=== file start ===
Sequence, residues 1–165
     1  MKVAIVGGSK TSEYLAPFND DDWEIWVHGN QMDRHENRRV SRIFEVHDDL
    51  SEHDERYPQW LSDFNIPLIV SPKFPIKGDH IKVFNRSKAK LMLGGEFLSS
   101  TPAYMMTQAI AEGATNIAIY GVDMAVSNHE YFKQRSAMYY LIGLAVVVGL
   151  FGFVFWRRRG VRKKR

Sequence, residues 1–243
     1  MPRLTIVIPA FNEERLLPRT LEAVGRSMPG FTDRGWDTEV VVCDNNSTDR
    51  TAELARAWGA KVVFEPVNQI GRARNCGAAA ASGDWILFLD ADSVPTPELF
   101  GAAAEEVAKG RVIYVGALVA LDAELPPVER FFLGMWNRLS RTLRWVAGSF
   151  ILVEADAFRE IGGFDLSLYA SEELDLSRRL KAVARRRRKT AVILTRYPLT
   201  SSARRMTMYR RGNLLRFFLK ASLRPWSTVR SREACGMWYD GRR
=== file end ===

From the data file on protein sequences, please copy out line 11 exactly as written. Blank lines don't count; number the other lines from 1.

   201  SSARRMTMYR RGNLLRFFLK ASLRPWSTVR SREACGMWYD GRR